in their own way. I can only say that those to whom fell the honor
to initiate that first United States offensive in the Pacific
entered upon their task and carried it out with enthusiasm and zeal.
Their success against great odds, against an enemy hitherto
unbeaten, quite properly has made "Guadalcanal" a symbolic name and
given it a unique place in our military history (237-39).
Merillat's book may have been "critically acclaimed" when it first
appeared, as Westholme claims, but it has not stood the test of time
as well as his later memoir, Guadalcanal Remembered
(still in print and used in military history courses). Greater
availability of documents from all sides, disciplined sourcing, and
better writing have produced works of superior academic value and
popular appeal. In his "Preface" to Guadalcanal, for example,
Frank cites several excellent accounts of the campaign without
mentioning The Island. But
the first person he acknowledges for his assistance and
encouragement is "H.C. 'Chris' Merillat."
Clearly, Merillat's contributions to our understanding of the Battle
of Guadalcanal stretch beyond the pages of this book.
"Stretch" also suits Westholme's claim that Americans were reading
The Bismarck Episode during World War II, since the book was
first published in 1948.
Of course, Americans had read a great deal about the Bismarck
in newspapers seven years earlier, before the United States was
officially at war. The compressed drama of 21-27 May 1941 was--and
remains--a riveting tale, from the moment the Admiralty suspected
that the Bismarck might have put to sea, to its shockingly
swift and utterly demoralizing destruction of the Royal Navy's
legendary HMS Hood, through the agonizing hours of its
pursuit until British units ultimately sank the crippled German
behemoth as it struggled toward France for repairs. Even Russell
Grenfell's inherent British reserve
cannot dampen the fires of the story he relates:
By 10 a.m. the Bismarck was a silent, battered wreck. Her
mast was down, her funnel had disappeared, her guns were pointing in
all directions, and a cloud of black smoke was rising from the middle
of the ship and blowing away with the wind. Inside, she was clearly
a blazing inferno, for the bright glow of internal fires could be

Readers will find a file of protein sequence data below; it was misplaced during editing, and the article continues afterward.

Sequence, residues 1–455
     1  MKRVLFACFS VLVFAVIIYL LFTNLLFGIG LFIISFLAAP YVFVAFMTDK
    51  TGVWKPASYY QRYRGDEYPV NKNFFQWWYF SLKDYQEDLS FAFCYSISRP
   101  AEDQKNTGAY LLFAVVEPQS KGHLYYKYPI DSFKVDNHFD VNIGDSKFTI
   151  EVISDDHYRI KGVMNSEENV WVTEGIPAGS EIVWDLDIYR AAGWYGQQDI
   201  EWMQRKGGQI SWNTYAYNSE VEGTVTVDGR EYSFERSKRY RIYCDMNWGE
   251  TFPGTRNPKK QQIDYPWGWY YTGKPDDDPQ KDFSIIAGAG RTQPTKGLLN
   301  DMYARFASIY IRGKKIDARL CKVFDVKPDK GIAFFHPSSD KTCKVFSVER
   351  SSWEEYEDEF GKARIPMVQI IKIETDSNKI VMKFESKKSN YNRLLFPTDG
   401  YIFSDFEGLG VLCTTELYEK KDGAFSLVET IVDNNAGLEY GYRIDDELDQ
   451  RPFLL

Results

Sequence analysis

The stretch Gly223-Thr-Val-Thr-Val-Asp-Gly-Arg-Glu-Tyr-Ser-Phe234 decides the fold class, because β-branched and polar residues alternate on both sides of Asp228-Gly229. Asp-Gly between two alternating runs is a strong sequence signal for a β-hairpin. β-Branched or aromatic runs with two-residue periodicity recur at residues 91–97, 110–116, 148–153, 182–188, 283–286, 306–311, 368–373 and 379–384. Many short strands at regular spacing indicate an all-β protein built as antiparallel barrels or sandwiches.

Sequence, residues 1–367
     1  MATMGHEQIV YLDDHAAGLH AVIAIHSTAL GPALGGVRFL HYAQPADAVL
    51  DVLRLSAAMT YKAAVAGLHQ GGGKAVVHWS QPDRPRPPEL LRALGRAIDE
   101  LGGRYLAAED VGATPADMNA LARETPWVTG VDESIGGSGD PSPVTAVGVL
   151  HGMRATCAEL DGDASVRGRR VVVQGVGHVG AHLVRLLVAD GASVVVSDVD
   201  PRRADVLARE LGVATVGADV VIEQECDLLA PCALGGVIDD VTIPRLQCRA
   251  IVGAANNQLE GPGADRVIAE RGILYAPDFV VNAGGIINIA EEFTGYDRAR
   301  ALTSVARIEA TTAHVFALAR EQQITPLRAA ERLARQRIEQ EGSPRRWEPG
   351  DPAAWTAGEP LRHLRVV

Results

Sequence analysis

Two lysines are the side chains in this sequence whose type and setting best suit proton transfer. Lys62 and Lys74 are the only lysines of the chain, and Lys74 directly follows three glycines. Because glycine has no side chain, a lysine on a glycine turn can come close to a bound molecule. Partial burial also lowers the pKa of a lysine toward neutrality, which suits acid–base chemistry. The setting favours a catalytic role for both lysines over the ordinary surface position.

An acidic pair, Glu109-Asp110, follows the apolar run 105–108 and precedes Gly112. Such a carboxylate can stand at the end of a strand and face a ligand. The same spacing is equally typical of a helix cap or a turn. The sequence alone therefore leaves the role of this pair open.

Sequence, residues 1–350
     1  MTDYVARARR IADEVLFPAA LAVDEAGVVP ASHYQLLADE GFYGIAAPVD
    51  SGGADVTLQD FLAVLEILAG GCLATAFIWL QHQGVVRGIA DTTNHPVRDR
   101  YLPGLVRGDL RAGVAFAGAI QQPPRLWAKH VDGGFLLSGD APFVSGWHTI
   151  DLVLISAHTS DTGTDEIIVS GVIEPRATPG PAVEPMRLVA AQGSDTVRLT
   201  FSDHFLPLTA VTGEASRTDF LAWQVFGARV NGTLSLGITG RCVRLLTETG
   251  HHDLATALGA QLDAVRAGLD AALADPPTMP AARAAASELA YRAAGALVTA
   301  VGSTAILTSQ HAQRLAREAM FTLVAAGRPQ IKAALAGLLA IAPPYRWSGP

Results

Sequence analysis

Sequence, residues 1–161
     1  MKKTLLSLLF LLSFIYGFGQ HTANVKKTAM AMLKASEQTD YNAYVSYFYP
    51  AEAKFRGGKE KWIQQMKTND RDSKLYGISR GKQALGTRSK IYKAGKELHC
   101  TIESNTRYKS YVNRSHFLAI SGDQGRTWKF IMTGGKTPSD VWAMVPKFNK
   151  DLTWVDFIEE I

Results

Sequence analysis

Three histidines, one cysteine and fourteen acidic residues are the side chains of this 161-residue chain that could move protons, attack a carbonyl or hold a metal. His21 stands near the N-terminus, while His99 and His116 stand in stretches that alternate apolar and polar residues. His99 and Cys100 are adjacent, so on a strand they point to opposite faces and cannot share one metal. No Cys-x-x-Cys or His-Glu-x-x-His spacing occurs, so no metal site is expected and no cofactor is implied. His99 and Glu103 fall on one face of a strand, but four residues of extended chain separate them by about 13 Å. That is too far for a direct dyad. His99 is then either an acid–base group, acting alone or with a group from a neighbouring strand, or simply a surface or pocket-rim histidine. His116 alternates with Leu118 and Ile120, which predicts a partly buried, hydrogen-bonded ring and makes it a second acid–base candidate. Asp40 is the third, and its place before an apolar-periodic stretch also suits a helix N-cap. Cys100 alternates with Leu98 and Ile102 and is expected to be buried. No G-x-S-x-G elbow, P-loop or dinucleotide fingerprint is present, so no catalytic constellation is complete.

seen shining through numerous shell and splinter holes in her sides.
Her men were deserting their guns … and occasionally jumping over
the side, to escape by watery death from the terror on board…. And
her flag still flew. (184)
In the main, though, this is a dispassionate, chronological, narrative
history of the British Navy and Admiralty, written by one thoroughly
familiar with the terrain. Captain Grenfell, a distinguished Royal
Navy officer, served aboard the HMS Revenge at the Battle of
Jutland and later taught at the Royal Naval College. Unlike
Merillat, who took part in the events he recorded, Grenfell played
no official role in the Bismarck episode, but like him,
he had official blessing in preparing his account and nearly
unlimited access to British sources. He includes a gracious but
mind-numbing list of acknowledgments, but seldom cites his sources.
He does, however, provide perceptive insights into the conduct of
the Royal Navy during the action, as when he concludes the book by
saying: "There could be no stronger argument for the principle of
decentralization than the conduct of the outlying forces on this
occasion; and no better example, since that of Nelson, of the
willingness to decentralize by an admiral in command" (202).
The seven years that elapsed between the events he described and the
book's publication enabled Grenfell to answer (in a few helpful
footnotes) some of the questions that swirled around the